Spending time with my extended family in Kansas turned out to be a blessing. My grandparents drove me to Wamego, where we reviewed family history. I looked out the window as my grandmother narrated the tour; she pointed out the house where my grandmother was raised and the small building that was her schoolhouse.
The most exciting new development is that I have a new road partner – a reliable, adventurous gal I’ve christened: Carol the Corolla. When we took off Monday morning from Topeka, my heart filled with joy. Finally, freedom on the open road …in a climate-controlled vehicle, where snacks and drinks are at my fingertips, and storage space is plentiful. Sorry Ol Dusty, but after three months of riding 2 up through all elements, I have a new appreciation for cars.
I grew up in California, but being in Kansas I feel a sense of nostalgia for simpler times I never knew. The roadside views in Kansas are classic Midwest. Hay bales and crop fields neglected for the winter. I drove through the flint hills to Wichita which were covered in dry stubby, gold grass for as far as the eye could see.
In Witchita, I stopped to see my aunt Katie and uncle Dave. It was lovely to catch up and meet their precious dogs. We took a quick tour of the city, which included an unexpected luminary show at The Keeper of the Plains monument. Katie treated me to a delicious sushi dinner, and a new cold-weather sweater from the local goodwill. It is very warm and cozy, in fact, I am wearing it right now.
I left Wichita early the next morning with a plan to be in Austin, TX before dark. I ended up getting stuck in traffic through Dallas and Austin which delayed my ETA, I totaled 8.5 hours on the road. In Austin, the visited McKinney falls state park and my dear friend Kaitlin. Kaitlin is a fantastic woman who’s support has gotten me through rough times. We went out for tacos and scored some of the best I’ve ever had from a truck. I’d like to back to Austin for a longer visit and check out the music and art scene once COVID becomes less of a concern.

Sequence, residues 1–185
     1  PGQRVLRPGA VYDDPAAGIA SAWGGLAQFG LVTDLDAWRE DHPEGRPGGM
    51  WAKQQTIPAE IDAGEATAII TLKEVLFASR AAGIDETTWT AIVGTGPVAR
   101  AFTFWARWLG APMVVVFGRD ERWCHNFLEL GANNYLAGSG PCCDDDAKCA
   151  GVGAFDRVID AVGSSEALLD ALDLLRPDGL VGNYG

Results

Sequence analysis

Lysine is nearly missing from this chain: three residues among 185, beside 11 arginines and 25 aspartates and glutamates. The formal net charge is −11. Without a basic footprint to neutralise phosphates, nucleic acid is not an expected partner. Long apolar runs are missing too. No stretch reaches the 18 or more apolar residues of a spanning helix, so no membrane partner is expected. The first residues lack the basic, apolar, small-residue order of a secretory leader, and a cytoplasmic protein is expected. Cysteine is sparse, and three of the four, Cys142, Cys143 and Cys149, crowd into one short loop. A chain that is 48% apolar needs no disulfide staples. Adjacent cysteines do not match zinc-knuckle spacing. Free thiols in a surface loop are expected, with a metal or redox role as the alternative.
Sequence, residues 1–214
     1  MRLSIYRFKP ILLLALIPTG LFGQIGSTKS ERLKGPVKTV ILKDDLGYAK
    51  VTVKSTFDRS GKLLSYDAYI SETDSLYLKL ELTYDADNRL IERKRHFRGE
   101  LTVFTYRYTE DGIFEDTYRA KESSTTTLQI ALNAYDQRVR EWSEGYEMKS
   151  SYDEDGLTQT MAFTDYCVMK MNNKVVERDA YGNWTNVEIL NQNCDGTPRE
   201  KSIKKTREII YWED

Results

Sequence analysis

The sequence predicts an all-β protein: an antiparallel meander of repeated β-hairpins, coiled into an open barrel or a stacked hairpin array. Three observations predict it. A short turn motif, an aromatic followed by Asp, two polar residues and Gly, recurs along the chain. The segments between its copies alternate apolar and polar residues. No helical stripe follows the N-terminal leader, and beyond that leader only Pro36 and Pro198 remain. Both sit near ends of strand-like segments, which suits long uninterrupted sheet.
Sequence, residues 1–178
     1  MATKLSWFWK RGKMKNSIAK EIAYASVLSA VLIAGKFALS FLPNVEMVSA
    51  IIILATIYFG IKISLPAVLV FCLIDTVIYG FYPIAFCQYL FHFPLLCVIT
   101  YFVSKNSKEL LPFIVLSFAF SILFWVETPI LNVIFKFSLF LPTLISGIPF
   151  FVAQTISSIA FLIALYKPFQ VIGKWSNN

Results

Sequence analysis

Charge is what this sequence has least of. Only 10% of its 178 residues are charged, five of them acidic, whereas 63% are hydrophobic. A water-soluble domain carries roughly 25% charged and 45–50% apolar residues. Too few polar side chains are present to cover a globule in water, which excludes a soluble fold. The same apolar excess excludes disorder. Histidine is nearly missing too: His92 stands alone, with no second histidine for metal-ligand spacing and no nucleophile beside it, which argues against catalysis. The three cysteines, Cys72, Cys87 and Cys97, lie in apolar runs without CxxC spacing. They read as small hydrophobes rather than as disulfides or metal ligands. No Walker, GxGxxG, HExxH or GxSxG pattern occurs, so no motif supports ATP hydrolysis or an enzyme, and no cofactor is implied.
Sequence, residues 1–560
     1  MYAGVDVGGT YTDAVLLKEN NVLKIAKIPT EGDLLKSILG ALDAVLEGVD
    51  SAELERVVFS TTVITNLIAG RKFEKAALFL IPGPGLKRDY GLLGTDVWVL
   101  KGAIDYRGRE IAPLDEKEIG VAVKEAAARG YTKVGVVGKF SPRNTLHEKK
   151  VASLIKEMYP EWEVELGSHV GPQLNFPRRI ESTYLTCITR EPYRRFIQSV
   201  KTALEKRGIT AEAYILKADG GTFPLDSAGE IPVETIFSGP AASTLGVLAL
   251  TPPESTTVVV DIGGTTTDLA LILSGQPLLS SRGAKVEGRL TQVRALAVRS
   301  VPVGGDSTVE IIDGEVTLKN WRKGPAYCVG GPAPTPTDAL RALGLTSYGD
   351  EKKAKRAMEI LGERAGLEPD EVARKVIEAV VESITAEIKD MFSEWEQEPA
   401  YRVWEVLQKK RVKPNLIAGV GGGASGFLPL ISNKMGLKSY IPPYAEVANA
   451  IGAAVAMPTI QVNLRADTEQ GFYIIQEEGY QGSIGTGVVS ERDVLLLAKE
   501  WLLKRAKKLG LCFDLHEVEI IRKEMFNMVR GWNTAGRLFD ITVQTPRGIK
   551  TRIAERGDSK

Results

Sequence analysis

My drive south out of Austin was incredible. I took a scenic route on the 207 which took past vineyards, ranches, and wineries. Johnsonville and Fredricksburg were adorable historic towns worth stopping in.
After a couple more hours of driving miles of well-paved winding desert roads, I ended up at Governor’s campground outside of Del Rio in South Tx. I found a campsite with a view of the river and waited a few minutes before I was reunited with Johnny and Dusty! My spirits lifted at his meeting his eyes, It was wonderful to each other again. The 4 of us are a complete blended family.
The next morning we headed for Big bend, caravan style. We lucked out on the weather, It was cool air and hot sun all the way. I was stunned by the beautiful vastness of Big bend. It is packed with nature that leaves me in awe of our planet! Big Bend has incredible diversity for a desert: rock formations, mountains, forest, and the river marsh, all have variations in their ecosystems.
We stayed at Rio Grande village on the first night. I cooked up beans, veggies, and rice for dinner. We set up a picnic on a crest with an epic view of the sun setting over the mountains. Hitting the southwest feels like a pre-homecoming. It is familiar and safe to me. The desert has a magical quality to it, like time gets lost here. The low brush makes it easy to see far out over the landscape. The sunsets are long and fill the sky while mountains and rock formations cast shadows on the plain. In the dim orange light and the warm blowing wind, I stripped off my clothes and danced on the rocks. This is my version of heaven, nothing feels more natural.
The next day we drove to the Chisos mountains. Which were an Oasis of green trees and beautiful views. Afterward, we took the scenic route through the Catalon ruins of past agriculture, military, and homestead setups. We stop at Santa Elena valley overlook, thought of the time millions of years ago when water cut through the landscape shaping this valley.
It took a 17-mile bumpy journey on a dirt road to get to our resting place: Biker haven club. It’s a very basic campsite outmoded the park, run by a very friendly dedicated local. He welcomed us to the “club”.
The next day we explored the town of Terlingua. It has a rich history of culture. Mining put it on the map, but that dried up. People stayed for its rough beauty and isolation. The town is small and a portion of it features abandoned stone buildings built by hand. We visited the cemetery in Terlingua which is historic; some occupants are very old and have graves marked by a mere cross over a pile of rubble. Others have artistic decorations and personalized offerings. I walked this graveyard with reverence and curiosity. Everyone is a special person to someone. I can feel love, and heartache in this unique resting place.